Farm Profiles March 2019

Muster Field Farm, North Sutton, NH

	 Muster Field Farm, North Sutton, NH

The wonderful Muster Field Farm is a farm that has a lot of historical value in the tiny town of Sutton, New Hampshire. The farm was founded as the Harvey Homestead in 1772 by Matthew Harvey. The original house that was built had burnt down in 1787. The current house that is on the property was built shortly after, but has expanded since it was built. The new house was used as a tavern for the locals to drink at, the first post office and first library in Sutton, and a home for the descendants of the Harveys. In total, eight generations of Harvey descendants lived on the farm and added to it.

Address: PO Box 118 Harvey Rd,
North Sutton, New Hampshire 03260
Phone: +1 603-927-4276

Canterbury Aleworks, Canterbury, NH

Canterbury Aleworks, Canterbury, NH

Canterbury Aleworks is a small brewery established in 2012. Located in Canterbury, New Hampshire, the brewery is run by Steve Allman, with help from his family.

In 1985 Steve Allman bought 72 acres of land and in 1987 built a small cabin that he would call home. He named his farm “Hidden Wonders” because of its hidden location and reputation as “the seven wonders of Canterbury” and began producing vegetables and meat for his family in 1996

Address: 305 Baptist Hill Rd,
Canterbury, NH 03224
Phone: +1 603-491-4539

 

Krebs Farm, Sanbornton, N.H.

Krebs Farm, Sanbornton, N.H.

Please excuse my appearance, I’ve been slaughtering chickens all morning” Ralph Rathjen explains. His jeans are covered in dirt, dried blood, and a few stray chicken feathers. Ralph Rathjen, owner of KREBS Farm, walks around his property with his dog Holly, a black-lab mix who, a rescue dog, trails along behind him.
“I always get phone calls asking if Mr. Krebs is around,” Ralph laughs, “but Mr. Krebs doesn’t exist. That’s not my name.” He explains that KREBS is actually the initials of all his family members: his wife Kristen, Ralph, and his children Elizabeth, Ben and Sophie.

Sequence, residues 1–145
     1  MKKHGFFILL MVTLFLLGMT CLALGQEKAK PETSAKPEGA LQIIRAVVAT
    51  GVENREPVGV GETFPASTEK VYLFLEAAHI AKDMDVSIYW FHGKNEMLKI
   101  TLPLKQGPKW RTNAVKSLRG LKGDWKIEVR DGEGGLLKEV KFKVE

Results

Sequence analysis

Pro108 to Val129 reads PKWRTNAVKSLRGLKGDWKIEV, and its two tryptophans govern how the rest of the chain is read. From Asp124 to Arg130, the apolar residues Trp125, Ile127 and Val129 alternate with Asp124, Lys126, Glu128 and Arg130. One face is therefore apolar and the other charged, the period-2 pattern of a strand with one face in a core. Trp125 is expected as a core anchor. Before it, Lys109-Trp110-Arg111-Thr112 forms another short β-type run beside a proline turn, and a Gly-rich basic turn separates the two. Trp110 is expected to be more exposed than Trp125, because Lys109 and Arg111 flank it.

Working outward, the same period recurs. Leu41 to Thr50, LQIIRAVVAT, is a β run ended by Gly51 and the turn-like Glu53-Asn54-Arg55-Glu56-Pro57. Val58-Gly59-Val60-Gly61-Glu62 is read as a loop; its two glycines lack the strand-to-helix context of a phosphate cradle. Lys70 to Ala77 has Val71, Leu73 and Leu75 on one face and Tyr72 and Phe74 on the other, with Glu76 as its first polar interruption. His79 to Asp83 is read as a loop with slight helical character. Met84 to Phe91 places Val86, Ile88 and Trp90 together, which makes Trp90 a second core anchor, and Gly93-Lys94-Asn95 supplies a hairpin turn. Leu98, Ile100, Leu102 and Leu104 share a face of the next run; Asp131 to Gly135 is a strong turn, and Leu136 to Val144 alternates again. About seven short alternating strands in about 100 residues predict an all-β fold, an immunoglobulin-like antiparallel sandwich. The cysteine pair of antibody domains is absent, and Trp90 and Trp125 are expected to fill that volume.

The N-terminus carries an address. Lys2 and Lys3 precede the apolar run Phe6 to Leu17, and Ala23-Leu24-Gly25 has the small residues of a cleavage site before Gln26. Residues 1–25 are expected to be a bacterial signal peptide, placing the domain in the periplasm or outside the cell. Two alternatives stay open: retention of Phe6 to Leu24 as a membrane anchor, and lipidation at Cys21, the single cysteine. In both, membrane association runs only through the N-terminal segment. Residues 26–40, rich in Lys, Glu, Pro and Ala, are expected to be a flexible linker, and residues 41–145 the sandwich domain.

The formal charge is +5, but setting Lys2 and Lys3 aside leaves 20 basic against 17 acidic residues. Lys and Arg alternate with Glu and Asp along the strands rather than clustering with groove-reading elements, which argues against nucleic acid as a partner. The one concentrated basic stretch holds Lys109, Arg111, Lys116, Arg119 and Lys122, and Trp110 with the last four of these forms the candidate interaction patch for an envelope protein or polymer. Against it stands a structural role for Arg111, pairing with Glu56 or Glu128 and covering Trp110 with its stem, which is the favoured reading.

Address: 315 Upper Bay Rd,
Sanbornton, NH 03269
Phone: +1 603-556-9249

 

Ski Hearth Farm, Sugar Hill, NH

Ski Hearth Farm, Sugar Hill, NH

With a vast view of Franconia Ridge and Cannon Mountain across the widespread field, Ski Hearth Farm is picturesque and “sells itself”, according to farm manager David White. The historic farm house- one of the oldest structures found in the area- is a reminder of the long history of the farm property and its previous owners. Beginning with Selden Hannah’s famous potato farm in the 1940’s, to Olympic Skier Bode Miller, to present-day owner Davis Mangold, Ski Hearth has been an important resource in the agricultural and agri-tourism community of the North Country.

Address: 392 Streeter Pond Rd,
Sugar Hill, NH 03586
Phone: +1 603-823-5560

 

Bartlett Farm Dairy, Concord, NH

Bartlett Farm Dairy, Concord, NH

Bartlett Farm Dairy in Concord is a family farm, through and through. Scott and Craig’s great-grandfather bought the land in 1924 and built a second story on on the house to accommodate his seven children. Today, Scott and his father, Alan, manage the farming, while brother Craig focuses on marketing their milk to local outlets. Scott always knew he would continue the family legacy, leaving only for a brief time to earn a degree in animal science before returning to the farm. The Bartletts were able to begin selling and marketing their own milk in 2011 when Craig rejoined the family business.

Address: 471 Josiah Bartlett Road,
Concord, New Hampshire 03301
Phone: +1 603-731-3213

 

Ledge Top Farm, Wilton, NH

Ledge Top Farm, Wilton, NH